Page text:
Goldman Sachs: Nokia Is Unlikely To Find Buyer

Goldman Sachs: Nokia Is Unlikely To Find Buyer

Investors looking for more good news from Nokia Corporation (NYSE:NOK) were doused instead with a splash of cold reality from Goldman Sachs Group, Inc. (NYSE:GS) – the firm slashed its rating on Nokia Corporation (NYSE:NOK) from Neutral to Sell, and set a price objective of $1.60. The stock is currently trading at $2.34, up 3.52 percent.

Goldman analyst, Simon Schafer’s main reason for the downgrade is the recent bump in the stock price based on heavily publicized insider buying and rumors of a takeover by Lenovo. The stock also rose after its recent Q2 results, and reports that the company was slowing its rate of cash burn. Investors were also factoring in an improvement in the company’s fortunes after the expected launch of its phones based on Microsoft’s Windows Phone 8 operating system. Just two days ago, we reported that Nokia Corporation (NYSE:NOK) was on course to the highest seven-day gain in more than 20 years in Helsinki trading.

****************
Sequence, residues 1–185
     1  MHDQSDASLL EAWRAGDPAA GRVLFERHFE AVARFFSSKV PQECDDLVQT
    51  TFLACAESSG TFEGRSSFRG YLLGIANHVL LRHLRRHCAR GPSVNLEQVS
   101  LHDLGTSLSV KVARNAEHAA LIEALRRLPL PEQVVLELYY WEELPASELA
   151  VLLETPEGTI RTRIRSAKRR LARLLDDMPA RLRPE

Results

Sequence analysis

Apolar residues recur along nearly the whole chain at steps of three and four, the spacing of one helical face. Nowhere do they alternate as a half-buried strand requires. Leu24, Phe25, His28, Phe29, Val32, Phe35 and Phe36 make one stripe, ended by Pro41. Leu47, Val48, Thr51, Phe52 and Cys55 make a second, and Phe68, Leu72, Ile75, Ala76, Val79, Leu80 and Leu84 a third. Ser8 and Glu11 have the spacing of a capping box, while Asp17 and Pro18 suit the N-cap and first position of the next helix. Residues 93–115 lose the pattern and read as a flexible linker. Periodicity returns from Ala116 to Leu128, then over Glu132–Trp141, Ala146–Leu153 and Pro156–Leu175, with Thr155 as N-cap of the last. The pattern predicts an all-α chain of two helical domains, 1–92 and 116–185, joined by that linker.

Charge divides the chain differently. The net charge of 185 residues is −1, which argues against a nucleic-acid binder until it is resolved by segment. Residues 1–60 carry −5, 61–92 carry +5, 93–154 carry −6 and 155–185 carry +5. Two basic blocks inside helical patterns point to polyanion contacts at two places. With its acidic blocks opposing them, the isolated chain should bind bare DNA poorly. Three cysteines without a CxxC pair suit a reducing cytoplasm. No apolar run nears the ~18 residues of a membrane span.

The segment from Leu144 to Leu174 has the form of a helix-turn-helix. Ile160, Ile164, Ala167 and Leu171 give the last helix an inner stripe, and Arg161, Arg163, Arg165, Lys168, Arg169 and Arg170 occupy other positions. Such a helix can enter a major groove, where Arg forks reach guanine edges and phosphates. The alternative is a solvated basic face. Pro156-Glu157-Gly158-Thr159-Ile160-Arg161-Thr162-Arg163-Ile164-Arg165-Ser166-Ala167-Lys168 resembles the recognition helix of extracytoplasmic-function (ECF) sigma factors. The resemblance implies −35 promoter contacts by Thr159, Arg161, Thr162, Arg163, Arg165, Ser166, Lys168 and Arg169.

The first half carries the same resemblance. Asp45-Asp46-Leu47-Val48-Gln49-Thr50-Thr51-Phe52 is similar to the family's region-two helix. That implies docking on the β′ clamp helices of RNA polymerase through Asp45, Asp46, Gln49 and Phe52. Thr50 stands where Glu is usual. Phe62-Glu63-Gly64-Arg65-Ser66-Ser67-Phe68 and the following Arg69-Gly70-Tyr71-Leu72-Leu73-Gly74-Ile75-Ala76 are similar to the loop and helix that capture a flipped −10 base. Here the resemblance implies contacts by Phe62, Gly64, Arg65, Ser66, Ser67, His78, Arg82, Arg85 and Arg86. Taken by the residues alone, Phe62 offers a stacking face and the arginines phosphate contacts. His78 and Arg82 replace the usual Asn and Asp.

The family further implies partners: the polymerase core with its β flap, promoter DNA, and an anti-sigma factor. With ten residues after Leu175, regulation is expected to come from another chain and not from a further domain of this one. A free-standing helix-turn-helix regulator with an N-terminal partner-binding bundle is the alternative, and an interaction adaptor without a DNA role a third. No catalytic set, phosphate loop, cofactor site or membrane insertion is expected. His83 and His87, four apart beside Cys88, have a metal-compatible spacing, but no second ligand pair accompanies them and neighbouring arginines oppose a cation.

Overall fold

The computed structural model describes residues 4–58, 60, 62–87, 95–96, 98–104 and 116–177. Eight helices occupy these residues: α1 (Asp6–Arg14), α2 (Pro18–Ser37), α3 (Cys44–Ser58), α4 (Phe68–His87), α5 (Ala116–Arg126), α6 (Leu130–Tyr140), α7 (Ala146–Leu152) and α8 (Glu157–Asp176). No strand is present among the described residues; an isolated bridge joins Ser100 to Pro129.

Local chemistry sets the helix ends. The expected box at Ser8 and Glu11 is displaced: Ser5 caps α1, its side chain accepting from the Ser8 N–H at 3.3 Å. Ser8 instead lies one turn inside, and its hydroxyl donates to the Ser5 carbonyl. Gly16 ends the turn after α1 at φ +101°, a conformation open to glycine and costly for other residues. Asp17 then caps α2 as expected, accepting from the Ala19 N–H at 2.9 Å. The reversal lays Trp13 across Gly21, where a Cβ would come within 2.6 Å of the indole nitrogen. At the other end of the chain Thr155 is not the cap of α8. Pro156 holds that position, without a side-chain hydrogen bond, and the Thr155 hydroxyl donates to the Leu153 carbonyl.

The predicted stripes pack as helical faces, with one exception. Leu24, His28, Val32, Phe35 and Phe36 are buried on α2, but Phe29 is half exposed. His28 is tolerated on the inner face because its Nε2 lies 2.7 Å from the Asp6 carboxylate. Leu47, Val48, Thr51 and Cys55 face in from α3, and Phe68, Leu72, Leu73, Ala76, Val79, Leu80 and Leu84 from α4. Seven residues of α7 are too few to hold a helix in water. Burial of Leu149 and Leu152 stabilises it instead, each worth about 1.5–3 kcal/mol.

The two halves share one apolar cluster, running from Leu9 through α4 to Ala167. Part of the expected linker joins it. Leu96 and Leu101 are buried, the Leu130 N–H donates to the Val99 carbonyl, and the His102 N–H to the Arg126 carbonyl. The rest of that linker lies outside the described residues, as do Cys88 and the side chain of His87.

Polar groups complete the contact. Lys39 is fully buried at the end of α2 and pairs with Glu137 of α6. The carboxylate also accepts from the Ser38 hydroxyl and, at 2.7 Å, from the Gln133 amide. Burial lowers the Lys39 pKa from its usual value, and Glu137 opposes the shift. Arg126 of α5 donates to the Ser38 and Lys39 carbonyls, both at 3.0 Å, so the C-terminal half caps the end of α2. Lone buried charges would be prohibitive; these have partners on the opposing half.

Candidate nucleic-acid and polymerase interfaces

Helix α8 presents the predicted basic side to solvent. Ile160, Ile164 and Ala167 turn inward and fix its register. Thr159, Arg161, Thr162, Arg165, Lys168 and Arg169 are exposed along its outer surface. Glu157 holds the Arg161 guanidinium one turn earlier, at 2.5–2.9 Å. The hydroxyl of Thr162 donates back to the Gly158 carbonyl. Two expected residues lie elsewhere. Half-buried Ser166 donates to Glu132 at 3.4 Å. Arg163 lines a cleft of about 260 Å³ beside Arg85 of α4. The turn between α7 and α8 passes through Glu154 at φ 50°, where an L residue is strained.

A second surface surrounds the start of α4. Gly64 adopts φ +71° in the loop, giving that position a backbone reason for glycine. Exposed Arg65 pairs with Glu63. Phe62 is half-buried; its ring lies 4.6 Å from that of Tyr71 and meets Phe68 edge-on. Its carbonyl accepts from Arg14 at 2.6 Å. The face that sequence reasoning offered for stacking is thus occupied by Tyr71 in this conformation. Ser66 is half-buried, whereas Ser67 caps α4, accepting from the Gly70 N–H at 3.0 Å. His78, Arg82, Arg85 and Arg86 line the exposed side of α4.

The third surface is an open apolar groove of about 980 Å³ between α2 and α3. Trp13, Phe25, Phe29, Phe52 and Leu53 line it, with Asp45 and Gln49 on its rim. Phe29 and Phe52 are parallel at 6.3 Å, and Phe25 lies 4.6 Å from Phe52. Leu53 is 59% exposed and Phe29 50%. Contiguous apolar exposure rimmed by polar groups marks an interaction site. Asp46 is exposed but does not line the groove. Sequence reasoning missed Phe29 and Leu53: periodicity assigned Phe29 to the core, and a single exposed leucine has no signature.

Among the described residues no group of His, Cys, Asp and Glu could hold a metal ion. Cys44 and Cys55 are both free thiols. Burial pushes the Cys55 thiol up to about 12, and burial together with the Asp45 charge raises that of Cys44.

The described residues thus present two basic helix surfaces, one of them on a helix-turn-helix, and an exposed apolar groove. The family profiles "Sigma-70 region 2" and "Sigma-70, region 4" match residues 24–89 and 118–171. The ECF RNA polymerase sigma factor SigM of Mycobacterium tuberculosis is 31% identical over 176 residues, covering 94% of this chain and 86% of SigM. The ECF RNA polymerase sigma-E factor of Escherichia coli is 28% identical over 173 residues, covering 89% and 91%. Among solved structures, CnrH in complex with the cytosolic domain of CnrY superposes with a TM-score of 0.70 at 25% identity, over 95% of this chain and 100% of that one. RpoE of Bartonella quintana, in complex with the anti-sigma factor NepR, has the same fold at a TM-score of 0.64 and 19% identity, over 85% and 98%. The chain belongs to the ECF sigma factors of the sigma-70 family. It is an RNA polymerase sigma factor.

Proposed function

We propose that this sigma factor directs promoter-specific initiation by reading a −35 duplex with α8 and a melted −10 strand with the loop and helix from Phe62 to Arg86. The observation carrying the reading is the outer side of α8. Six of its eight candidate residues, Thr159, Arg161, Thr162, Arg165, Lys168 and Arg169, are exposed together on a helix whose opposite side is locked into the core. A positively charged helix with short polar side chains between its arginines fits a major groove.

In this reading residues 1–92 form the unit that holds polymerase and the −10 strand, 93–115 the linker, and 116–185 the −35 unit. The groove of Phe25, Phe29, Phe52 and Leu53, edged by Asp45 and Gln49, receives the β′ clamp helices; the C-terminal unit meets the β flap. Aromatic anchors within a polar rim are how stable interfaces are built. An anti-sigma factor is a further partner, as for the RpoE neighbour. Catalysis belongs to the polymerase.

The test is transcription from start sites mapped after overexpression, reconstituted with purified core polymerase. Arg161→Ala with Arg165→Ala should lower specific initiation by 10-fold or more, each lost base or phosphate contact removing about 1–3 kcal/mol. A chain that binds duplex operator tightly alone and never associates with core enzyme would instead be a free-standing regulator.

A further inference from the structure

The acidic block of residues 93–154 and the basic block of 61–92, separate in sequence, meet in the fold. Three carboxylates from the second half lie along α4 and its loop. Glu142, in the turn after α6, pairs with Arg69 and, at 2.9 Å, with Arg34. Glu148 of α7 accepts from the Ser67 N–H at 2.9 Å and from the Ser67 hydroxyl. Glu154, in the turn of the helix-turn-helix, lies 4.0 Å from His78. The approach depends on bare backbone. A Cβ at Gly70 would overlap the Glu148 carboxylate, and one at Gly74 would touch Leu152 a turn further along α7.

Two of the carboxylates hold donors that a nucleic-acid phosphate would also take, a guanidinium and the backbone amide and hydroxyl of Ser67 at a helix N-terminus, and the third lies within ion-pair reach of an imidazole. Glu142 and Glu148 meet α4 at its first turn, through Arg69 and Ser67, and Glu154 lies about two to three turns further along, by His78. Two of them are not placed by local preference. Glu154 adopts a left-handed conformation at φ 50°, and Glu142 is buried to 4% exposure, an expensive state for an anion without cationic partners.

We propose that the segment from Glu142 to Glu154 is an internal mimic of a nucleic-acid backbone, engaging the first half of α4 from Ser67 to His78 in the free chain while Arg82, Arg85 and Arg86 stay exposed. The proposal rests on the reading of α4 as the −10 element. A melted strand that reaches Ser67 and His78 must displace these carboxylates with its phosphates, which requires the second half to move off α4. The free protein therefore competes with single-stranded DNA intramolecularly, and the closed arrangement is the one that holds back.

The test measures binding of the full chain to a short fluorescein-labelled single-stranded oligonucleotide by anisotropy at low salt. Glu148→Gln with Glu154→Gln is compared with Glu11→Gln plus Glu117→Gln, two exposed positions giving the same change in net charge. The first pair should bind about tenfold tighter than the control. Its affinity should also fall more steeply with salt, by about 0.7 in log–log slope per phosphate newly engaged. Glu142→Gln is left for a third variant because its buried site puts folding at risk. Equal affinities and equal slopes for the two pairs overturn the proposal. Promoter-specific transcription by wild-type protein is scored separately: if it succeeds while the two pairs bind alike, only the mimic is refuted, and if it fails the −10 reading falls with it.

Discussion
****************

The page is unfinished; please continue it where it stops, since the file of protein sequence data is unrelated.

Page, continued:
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Goldman probably views this rally as a dead cat bounce, and recommends it be used to sell: “Nokia has outperformed strongly since its 2Q12 report (+50%), driven by: a) lower cash burn (higher IPR income), b) reports of expected 2H12 device launches, c) management share purchases, and d) M&A speculation (Reuters, August 1). Our views on potential for a near-term turn-around and the likelihood of M&A are more sanguine, as reflected in our estimates and multiple methodology. We would therefore use recent strength as a selling opportunity in the context of our 12-month price target of €1.3.”

Schafer continues to keep his projections below the market consensus, convinced that Nokia will notch up higher losses on its smartphones and lower margins. He does not see much joy in the new launches by Nokia Corporation (NYSE:NOK), feeling that the competition, represented by Apple, Samsung, HTC, and Huawei will offer products that will likely steal Nokia’s thunder, and that the company will continue to see losses in market share, and that this trend may in fact accelerate.

Schafer shrugs off the M&A rumors, basically saying Nokia has nothing of real interest to an acquirer. “Nokia’s current fixed cost, employee and scale attributes in its mobile phone business (leading to large cash burn given our view of continuing market share erosion), currently make it a relatively unattractive acquisition target in the absence of clearer traction of its turnaround strategy.”